But please, accept the truth. There are physical principles usually called fundamental laws or axioms or something like that which cannot be changed or tricked. If we could change them it would be a really, really bad idea. Anything we do, from digestion to space travel, actually works because these laws (and a few constants) are just the way they are.

If something won't work out because of these laws, it will not work out. Ever. There is no way it possibly could.
The fundamental laws of thermodynamics will place fixed limits on technological innovation and human advancement.

How would you react if I said that I'm not from Guildford after all, but from a small planet somewhere in the vicinity of Betelgeuse?

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Re: dynamo on a bike

Post by Drunkskunk » Aug 30 2019 5:02am

I understand what you are saying: When the motor is moving the bike so fast, that you can't pedal fast enough for the chain to keep up with the motor, meaning NO effort from your pedaling is reaching the wheel. In that very specific case, you could add some power to the bike through a dynamo.
Yes, your thinking is clear on that.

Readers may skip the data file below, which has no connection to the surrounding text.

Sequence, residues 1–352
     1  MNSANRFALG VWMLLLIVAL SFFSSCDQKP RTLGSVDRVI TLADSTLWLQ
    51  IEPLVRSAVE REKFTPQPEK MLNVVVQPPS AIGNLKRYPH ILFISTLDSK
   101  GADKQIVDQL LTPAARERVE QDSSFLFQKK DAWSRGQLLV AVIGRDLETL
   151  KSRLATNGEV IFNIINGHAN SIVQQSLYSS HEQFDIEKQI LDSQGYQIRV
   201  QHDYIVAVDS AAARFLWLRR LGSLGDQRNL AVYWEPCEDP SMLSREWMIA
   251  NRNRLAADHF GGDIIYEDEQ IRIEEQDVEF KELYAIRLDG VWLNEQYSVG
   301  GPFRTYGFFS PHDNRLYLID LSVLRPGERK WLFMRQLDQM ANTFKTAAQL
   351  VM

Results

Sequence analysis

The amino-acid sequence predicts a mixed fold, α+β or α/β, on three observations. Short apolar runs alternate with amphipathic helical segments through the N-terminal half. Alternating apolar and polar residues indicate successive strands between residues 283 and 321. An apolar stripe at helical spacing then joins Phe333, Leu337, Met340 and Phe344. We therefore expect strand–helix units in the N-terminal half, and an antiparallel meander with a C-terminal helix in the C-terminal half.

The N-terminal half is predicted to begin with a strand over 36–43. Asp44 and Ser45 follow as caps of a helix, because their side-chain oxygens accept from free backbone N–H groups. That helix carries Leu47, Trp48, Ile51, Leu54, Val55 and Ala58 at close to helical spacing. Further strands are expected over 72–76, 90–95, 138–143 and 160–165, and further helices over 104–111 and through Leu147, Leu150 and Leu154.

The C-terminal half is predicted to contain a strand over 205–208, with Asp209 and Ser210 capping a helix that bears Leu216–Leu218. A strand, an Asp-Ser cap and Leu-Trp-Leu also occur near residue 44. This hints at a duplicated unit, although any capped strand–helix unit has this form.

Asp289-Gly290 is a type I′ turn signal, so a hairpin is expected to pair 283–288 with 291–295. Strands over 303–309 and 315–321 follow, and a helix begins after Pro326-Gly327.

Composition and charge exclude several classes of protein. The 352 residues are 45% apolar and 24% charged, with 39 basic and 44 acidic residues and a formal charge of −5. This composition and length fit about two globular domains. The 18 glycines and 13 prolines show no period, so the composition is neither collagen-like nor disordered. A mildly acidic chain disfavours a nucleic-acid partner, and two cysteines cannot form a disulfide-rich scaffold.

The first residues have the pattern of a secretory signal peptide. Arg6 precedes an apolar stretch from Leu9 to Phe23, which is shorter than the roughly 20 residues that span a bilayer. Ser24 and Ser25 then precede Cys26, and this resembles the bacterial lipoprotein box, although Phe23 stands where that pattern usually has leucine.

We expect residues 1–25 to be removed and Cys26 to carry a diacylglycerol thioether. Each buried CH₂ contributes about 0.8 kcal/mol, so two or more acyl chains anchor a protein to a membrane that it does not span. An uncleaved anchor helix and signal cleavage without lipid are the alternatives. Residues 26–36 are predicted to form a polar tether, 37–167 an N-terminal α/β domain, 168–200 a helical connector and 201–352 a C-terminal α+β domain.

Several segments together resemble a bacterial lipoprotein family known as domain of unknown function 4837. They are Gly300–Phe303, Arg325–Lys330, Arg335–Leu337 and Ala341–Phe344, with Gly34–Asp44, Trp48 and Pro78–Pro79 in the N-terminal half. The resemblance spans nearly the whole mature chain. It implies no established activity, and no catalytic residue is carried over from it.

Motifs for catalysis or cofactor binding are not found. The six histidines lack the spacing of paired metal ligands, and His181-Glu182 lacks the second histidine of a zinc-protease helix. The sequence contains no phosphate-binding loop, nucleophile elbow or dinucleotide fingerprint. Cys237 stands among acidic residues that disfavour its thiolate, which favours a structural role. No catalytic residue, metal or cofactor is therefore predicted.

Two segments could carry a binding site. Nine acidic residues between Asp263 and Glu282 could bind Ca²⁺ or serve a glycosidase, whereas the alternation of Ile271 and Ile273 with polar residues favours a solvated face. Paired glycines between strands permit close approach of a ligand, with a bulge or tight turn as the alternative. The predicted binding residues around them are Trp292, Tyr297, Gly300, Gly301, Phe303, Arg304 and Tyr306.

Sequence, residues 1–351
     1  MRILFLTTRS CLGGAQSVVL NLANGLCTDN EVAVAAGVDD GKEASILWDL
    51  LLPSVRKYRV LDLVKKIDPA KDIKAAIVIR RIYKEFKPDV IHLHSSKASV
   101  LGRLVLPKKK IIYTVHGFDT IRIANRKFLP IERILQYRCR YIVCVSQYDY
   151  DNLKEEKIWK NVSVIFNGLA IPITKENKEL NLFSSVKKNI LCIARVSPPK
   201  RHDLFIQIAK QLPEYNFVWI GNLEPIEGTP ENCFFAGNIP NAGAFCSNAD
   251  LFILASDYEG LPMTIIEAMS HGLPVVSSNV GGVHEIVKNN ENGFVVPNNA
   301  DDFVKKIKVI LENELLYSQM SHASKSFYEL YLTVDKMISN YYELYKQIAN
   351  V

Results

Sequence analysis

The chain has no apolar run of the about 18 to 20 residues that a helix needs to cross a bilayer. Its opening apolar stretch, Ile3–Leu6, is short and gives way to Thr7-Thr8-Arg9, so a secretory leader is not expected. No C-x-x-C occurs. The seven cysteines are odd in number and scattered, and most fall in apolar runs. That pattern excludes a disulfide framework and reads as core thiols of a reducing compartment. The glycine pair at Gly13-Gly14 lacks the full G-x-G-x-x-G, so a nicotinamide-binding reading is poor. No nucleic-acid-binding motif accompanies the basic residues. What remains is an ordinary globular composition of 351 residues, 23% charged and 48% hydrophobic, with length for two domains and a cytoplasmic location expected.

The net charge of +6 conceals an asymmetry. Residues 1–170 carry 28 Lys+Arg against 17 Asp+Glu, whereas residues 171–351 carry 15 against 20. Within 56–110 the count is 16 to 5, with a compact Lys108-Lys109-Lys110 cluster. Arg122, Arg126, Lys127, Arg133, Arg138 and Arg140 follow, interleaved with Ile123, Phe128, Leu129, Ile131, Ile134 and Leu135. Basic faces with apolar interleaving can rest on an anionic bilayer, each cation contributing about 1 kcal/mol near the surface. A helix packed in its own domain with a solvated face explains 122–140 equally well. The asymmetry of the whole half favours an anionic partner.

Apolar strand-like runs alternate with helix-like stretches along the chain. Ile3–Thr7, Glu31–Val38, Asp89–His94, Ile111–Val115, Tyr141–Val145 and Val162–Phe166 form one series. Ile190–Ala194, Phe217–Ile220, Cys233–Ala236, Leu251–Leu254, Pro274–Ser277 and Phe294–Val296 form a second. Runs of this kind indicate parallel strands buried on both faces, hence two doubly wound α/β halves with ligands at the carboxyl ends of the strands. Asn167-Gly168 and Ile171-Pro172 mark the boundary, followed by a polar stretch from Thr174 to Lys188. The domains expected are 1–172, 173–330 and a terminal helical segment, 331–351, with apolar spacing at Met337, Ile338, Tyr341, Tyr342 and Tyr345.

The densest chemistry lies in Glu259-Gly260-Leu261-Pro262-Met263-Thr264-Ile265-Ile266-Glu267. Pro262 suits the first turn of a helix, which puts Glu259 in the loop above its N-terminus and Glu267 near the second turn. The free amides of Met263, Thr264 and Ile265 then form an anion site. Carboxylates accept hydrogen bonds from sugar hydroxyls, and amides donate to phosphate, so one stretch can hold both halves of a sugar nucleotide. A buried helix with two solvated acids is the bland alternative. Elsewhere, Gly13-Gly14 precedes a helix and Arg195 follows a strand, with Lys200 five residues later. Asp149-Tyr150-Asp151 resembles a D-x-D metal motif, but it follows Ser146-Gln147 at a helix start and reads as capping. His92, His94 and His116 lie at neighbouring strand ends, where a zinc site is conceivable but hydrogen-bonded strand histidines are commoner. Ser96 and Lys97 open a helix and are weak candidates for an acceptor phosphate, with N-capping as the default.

However, the amount of power you could add with a dynamo in that specific case is only about half the power you could add if you simply changed out your gearing so that your pedaling could add direct power to the wheel. If you could not add a crank sprocket big enough, you could add a jack shaft with a 2:1 ratio (or whatever was needed) that would be more efficient and less complex than adding a dynamo/generator.
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WALLEY   1 mW

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Re: dynamo on a bike

Post by WALLEY » Aug 30 2019 6:56am

SO THERES no way of getting the power enough to power a motor simple by peddling a generator or dynamo.

seems I remember a guy out of Germany who had a bike that could 50 miles a hour by peddling I haven't found that vid in a while now I guess 7 years but he had a nice concept he was trying get a patent for it. he probably sold it . now its buried

guess getting a bigger battery is the only way
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Re: dynamo on a bike